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Book Review: The Promise of Wholeness

“The quest to discover the meaning of life, transcend illusion, and unravel the mysteries of enduring love and happiness perplexes people today, as it has throughout history,” writes Eric Ehrke.

In his new book, The Promise of Wholeness: Cultivating Inner Peace, Mindfulness, and Love in a Divided World Ehrke dives deep into this quest to reveal powerful insights, meditations, and strategies to bring ancient wisdom to modern life in ways that bring lasting peace and well-being.

We are not separate in our lives or our souls. Mankind is united both in a basic goodness and in a loving divine presence who is always among us.

However, this belief does not unite us. Ehrke writes, “Survival, power, and control preoccupies the mind of ancient man and still dominate the worldview of many cultures today.”

Words like unity, oneness, and higher power have become overused and poorly understood versions of the concept of oneness. A better word, Ehrke tells us, is “Henosis.”

Henosis is a condition of unity and a universal human goal. “When love is mirrored to humans, illusions release and people return to wholeness,” writes Ehrke.

What we often fail to understand is that both pleasure and pain reveal the way to Henosis. As the allegory of the cave alludes to, we are born shackled to belief systems — societal, religious, and personal models. Enlightenment only occurs when we free ourselves from these illusions.

Ehrke writes, “If we remain solely concerned with safety and security and never have an independent thought, we risk becoming imprisoned by illusion and therefore suffering.”

Through maturation, we come to see our illusions, realize our potential, and solidify our beliefs in ways that make us incorruptible.

This ability to remain incorruptible to illusion, Ehrke tells us, is a “massively important skill to master.”

What illusion and pain do offer is the ability to explore our sense of love, and in the best circumstances, expand it.

Ehrke writes, “Suffering can either cause us to recycle our illusions or speed up our emotional maturation process. Becoming aware of our primary love templates and victim/perpetrator paradigms will liberate us from suffering and help us discover what love is.”

Yet in modern society, victim status has almost become a badge of honor from which compassion is demanded, and defended. The result, however, is not self-growth, oneness, or inner peace.

“Spin campaigns to change world opinion and right wrongs often feel like strength, but often effectively shield the martyr from self-driven dark retaliatory impulses,” writes Ehrke.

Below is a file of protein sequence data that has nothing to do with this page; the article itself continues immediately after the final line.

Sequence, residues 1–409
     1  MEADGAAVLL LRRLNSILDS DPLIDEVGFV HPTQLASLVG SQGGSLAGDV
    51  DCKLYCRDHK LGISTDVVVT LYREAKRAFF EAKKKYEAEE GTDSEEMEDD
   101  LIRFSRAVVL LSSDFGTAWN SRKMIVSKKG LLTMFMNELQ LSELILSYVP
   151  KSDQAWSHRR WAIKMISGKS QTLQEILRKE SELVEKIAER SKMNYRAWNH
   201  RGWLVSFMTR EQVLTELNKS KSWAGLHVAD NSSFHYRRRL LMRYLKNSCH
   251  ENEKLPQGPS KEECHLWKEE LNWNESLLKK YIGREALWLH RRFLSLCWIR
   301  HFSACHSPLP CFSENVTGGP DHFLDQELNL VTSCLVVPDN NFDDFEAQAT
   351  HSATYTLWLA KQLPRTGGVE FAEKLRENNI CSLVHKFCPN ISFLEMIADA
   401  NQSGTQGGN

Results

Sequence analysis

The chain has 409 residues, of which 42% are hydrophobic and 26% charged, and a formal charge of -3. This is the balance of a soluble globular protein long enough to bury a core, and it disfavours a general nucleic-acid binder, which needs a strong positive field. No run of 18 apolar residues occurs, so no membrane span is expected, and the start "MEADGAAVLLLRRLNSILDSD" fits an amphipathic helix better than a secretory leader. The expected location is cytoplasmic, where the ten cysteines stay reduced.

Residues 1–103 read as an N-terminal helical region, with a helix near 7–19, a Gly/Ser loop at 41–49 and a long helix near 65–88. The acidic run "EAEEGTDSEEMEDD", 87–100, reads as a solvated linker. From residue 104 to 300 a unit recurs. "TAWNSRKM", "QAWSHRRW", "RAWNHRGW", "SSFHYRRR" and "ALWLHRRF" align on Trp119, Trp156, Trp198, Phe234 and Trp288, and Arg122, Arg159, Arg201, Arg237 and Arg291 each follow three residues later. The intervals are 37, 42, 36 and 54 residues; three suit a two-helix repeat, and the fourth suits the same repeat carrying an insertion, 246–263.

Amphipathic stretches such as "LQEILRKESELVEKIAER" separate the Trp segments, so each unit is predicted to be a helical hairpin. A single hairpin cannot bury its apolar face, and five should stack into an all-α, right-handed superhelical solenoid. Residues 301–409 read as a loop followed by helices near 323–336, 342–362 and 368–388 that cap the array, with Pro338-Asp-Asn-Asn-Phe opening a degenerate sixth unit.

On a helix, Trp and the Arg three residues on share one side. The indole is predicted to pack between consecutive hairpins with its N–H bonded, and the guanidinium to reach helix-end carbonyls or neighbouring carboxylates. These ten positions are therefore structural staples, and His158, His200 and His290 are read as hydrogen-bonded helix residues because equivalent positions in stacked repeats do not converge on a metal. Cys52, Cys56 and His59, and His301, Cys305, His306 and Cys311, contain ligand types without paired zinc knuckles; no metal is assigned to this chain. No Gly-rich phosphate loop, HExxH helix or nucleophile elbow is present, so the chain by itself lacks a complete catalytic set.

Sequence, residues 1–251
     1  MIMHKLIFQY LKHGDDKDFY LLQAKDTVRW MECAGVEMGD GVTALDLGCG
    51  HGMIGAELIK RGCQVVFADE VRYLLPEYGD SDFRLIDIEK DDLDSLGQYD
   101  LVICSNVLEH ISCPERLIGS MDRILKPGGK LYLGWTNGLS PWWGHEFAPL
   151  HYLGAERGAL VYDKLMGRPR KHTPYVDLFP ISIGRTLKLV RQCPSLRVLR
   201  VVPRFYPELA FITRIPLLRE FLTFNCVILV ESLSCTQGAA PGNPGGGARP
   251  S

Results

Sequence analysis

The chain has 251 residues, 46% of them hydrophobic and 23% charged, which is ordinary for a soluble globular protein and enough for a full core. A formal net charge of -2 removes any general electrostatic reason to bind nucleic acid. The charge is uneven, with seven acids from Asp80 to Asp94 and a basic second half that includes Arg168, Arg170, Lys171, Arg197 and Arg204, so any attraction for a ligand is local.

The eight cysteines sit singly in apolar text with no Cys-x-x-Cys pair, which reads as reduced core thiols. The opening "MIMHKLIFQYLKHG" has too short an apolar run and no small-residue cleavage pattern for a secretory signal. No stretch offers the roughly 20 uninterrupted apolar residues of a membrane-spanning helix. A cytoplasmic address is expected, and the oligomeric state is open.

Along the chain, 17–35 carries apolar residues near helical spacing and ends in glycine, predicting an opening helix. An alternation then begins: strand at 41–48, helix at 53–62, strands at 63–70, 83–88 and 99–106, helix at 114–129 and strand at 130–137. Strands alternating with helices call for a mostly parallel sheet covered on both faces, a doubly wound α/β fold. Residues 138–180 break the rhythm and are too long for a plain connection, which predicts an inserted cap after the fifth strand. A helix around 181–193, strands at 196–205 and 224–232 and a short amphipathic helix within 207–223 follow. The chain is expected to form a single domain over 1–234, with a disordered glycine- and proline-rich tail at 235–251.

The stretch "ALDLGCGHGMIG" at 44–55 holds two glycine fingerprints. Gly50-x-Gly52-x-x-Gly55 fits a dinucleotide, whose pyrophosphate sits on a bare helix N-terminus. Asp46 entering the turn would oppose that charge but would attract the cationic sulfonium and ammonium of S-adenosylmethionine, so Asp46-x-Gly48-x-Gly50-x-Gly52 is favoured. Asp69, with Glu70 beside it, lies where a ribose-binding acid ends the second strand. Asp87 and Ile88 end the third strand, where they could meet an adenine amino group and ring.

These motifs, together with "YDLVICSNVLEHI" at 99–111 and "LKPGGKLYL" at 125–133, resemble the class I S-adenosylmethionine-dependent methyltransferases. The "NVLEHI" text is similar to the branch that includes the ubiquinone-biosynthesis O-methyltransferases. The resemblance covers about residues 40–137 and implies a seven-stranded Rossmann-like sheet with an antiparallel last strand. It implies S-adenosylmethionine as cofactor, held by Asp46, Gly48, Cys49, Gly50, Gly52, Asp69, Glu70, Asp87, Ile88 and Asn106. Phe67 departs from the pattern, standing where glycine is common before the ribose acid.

While conflict can inspire anger, hate, and the desire for the sympathy and compassion of others, it can also be a reminder to develop more self-love. When we deepen the ability to experience joy, happiness, and love, and practice forgiveness, patience, and the absence of shame, not just does our inner world improve, but our outer world does as well.

Ehrke offers a meditation: “A vital goal of being human is to master earthly forms of love. Honoring, nurturing, and truly respecting myself gives me the muscles to love my neighbor and eventually all of creation.”

What we do passes on to others and just as hate and anger can spread, so too can love, acceptance, and equanimity.

Ehrke writes, “A tipping point may occur when a substantial percentage of humanity reaches a state of equanimity. Perhaps then we will stop throwing that cumbersome victim/perpetrator ball back and forth.”

By understanding that no one is to blame for our angst, we come to realize that wholeness and equanimity exist within us.

Here again, Ehrke offers a meditation: “My desire to dedicate my life to become loving and mindful calms the emotions within me, creates a deep presence within my heart, and invites my soul to shine.”

While trauma, stress, and lack of emotional maturity can cause us to react impulsively, facing adversity fully can liberate us from suffering. Ehrke quotes the Chinese philosopher Laozi, “A great nation is like a great man: when he makes a mistake, he realizes it. Having realized it, he admits it. Having admitted it, he corrects it. He considers those who point out his faults his most benevolent teachers. He thinks of his enemy as the shadow that he himself casts.”

We always have the ability to choose. We can choose to find meaning in suffering, lessons embedded in illusion, goodness within others, and wholeness, equanimity, and Henosis within ourselves.

We will all encounter challenges in our lives, and yet by employing the timeless principles of ancient philosophy Ehrke presents, we can develop effective strategies to face challenges, counter divisiveness, and realize that everything we need to become whole has always existed within us.

The Promise of Wholeness: Cultivating Inner Peace, Mindfulness, and Love in a Divided World

Rowman & Littlefield, February 2019

Hardcover, 377 Pages

Book Review: The Promise of Wholeness

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Claire Nana

Claire Nana is a regular contributor and book reviewer for Psych Central.

APA Reference
Nana, C. (2019). Book Review: The Promise of Wholeness. Psych Central. Retrieved on September 26, 2020, from
Scientifically Reviewed
Last updated: 10 May 2019
Last reviewed: By a member of our scientific advisory board on 10 May 2019
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